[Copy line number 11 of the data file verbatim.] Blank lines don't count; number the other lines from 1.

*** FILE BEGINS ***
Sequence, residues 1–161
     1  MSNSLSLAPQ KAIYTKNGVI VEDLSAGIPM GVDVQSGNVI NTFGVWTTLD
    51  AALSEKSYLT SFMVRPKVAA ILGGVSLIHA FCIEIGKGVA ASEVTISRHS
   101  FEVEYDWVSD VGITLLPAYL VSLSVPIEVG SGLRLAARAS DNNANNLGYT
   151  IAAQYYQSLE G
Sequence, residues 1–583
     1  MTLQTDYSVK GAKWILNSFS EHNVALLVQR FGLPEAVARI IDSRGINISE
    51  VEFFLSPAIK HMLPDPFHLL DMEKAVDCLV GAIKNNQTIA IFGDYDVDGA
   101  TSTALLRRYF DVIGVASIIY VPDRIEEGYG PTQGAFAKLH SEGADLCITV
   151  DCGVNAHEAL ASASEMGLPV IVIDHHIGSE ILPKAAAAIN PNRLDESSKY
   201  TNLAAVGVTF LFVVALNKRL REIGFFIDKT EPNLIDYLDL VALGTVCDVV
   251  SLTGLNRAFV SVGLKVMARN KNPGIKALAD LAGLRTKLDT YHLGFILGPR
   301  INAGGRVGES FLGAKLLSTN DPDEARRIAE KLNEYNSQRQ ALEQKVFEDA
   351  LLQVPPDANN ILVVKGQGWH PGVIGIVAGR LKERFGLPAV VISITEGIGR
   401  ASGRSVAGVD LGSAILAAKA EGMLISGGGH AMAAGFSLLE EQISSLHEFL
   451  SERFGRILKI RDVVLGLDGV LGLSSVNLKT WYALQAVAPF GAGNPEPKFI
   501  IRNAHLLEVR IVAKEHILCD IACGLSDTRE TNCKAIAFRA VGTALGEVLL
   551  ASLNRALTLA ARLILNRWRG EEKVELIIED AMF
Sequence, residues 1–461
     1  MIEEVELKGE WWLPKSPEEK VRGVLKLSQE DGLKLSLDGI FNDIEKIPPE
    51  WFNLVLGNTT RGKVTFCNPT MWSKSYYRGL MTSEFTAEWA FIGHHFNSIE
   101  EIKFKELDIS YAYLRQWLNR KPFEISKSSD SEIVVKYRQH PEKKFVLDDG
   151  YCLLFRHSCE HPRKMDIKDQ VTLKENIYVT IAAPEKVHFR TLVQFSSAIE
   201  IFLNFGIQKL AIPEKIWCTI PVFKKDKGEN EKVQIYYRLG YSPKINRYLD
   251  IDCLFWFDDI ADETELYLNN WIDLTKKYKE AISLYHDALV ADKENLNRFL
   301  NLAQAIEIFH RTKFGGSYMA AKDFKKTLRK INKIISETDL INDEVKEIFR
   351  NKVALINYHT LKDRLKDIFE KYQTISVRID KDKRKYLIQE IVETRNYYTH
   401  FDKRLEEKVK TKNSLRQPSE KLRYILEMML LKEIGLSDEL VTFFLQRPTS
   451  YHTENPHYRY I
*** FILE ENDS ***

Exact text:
   201  TNLAAVGVTF LFVVALNKRL REIGFFIDKT EPNLIDYLDL VALGTVCDVV